Low friction and environmentally stable diamond-like carbon (DLC) coatings incorporating silicon, oxygen and fluorine sliding against aluminum

F. G. Sen, X. Meng-Burany, M. J. Lukitsch, Y. Qi, A. T. Alpas

Research output: Research - peer-reviewArticle

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Abstract

Diamond-like carbon (DLC) coatings exhibit good adhesion mitigating properties when placed in sliding contact against aluminum, but their coefficient of friction (COF) show high sensitivity to environmental conditions. This study examines the tribological properties of a DLC coating containing 20at.% Si, 12at.% F, 14at.% O and 18at.% H (a-C:H:Si:O:F) tested against a 1100 grade Al in ambient air (39% relative humidity) and vacuum (6.5×10-3Pa) atmospheres. According to the pin-on-disk type sliding tests performed, this coating exhibited a low steady state COF of 0.08 under both testing atmospheres. Carbonaceous transfer layers that incorporated F, Si and O compounds were formed on the Al contact surface. The composition and microstructure of these transfer layers were investigated using cross-sectional focused ion beam (FIB), transmission electron microscopy (TEM) and X-ray photoelectron spectroscopy (XPS). The F concentration was the highest at the Al/transfer layer interface where the formation of an AlF3 compound was observed. The top surfaces of the carbonaceous transfer layers in contact with the a-C:H:Si:O:F coating were rich in Si and O and consisted of loosely packed nano particulates. The low friction achieved with a-C:H:Si:O:F coating was due to the combination of passivation and hydration mechanisms that operated during sliding. The hydration of the SiOSi chains in the coating and transfer layers resulted in the formation of two OH-passivated surfaces at the contact interface that led to low COF.

LanguageEnglish (US)
Pages340-349
Number of pages10
JournalSurface and Coatings Technology
Volume215
DOIs
StatePublished - Jan 25 2013
Externally publishedYes

Profile

fluorine
sliding
friction
diamonds
aluminum
coatings
carbon
silicon
oxygen
Diamond
Fluorine
Silicon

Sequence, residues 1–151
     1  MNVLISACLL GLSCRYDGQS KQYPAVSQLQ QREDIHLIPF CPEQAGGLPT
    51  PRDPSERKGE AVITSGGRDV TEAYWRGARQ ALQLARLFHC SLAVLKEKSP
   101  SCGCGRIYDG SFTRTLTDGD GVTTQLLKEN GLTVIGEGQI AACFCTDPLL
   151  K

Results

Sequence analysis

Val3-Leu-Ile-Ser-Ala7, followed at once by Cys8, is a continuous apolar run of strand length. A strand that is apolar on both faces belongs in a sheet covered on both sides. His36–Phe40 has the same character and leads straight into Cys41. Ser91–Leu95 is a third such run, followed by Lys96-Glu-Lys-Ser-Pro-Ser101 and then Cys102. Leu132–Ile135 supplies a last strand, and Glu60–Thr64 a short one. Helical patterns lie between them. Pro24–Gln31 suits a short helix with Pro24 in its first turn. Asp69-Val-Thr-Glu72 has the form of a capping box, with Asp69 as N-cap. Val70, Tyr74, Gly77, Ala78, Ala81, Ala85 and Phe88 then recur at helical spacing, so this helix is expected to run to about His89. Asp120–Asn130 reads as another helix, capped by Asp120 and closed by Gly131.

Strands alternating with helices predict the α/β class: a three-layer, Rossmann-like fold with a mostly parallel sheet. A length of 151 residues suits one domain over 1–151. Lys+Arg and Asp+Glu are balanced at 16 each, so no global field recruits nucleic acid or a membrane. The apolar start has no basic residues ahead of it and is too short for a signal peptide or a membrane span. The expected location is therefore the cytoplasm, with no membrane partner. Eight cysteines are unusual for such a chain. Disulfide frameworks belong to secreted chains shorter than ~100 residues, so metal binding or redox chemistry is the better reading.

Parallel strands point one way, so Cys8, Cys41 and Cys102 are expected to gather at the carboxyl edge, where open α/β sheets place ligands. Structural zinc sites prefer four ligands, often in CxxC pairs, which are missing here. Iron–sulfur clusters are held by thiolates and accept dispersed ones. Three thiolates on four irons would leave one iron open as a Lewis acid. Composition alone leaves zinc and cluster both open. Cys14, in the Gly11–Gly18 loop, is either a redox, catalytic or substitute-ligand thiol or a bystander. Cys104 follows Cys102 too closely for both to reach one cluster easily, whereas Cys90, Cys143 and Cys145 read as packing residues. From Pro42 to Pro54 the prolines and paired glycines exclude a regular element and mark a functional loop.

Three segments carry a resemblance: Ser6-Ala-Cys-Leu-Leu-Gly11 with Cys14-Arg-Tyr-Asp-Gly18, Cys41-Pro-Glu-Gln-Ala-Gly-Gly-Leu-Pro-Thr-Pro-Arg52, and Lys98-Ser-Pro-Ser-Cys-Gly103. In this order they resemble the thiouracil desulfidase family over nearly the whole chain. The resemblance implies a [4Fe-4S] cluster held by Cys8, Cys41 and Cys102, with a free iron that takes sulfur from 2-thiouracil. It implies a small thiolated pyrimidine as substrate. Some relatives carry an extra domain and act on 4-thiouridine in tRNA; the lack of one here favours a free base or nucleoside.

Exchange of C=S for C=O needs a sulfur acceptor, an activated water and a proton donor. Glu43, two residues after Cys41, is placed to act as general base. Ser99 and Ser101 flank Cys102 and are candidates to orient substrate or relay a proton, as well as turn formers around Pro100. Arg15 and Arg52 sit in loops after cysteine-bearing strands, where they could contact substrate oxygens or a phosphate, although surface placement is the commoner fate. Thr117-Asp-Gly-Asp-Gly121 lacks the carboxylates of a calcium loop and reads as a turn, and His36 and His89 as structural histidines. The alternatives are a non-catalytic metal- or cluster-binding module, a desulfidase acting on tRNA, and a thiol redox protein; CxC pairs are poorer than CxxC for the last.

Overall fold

Aluminum
Carbon
Friction
Oxygen
Coatings
Diamonds
coefficient of friction
hydration

Keywords

  • Aluminum
  • Diamond-like carbon
  • Fluorine
  • Friction
  • Hydration
  • Silicon oxide

ASJC Scopus subject areas

  • Chemistry(all)
  • Condensed Matter Physics
  • Materials Chemistry
  • Surfaces, Coatings and Films
  • Surfaces and Interfaces

Cite this

Low friction and environmentally stable diamond-like carbon (DLC) coatings incorporating silicon, oxygen and fluorine sliding against aluminum. / Sen, F. G.; Meng-Burany, X.; Lukitsch, M. J.; Qi, Y.; Alpas, A. T.

In: Surface and Coatings Technology, Vol. 215, 25.01.2013, p. 340-349.

Research output: Research - peer-reviewArticle

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abstract = "Diamond-like carbon (DLC) coatings exhibit good adhesion mitigating properties when placed in sliding contact against aluminum, but their coefficient of friction (COF) show high sensitivity to environmental conditions. This study examines the tribological properties of a DLC coating containing 20at.% Si, 12at.% F, 14at.% O and 18at.% H (a-C:H:Si:O:F) tested against a 1100 grade Al in ambient air (39% relative humidity) and vacuum (6.5×10-3Pa) atmospheres. According to the pin-on-disk type sliding tests performed, this coating exhibited a low steady state COF of 0.08 under both testing atmospheres. Carbonaceous transfer layers that incorporated F, Si and O compounds were formed on the Al contact surface. The composition and microstructure of these transfer layers were investigated using cross-sectional focused ion beam (FIB), transmission electron microscopy (TEM) and X-ray photoelectron spectroscopy (XPS). The F concentration was the highest at the Al/transfer layer interface where the formation of an AlF3 compound was observed. The top surfaces of the carbonaceous transfer layers in contact with the a-C:H:Si:O:F coating were rich in Si and O and consisted of loosely packed nano particulates. The low friction achieved with a-C:H:Si:O:F coating was due to the combination of passivation and hydration mechanisms that operated during sliding. The hydration of the SiOSi chains in the coating and transfer layers resulted in the formation of two OH-passivated surfaces at the contact interface that led to low COF.",
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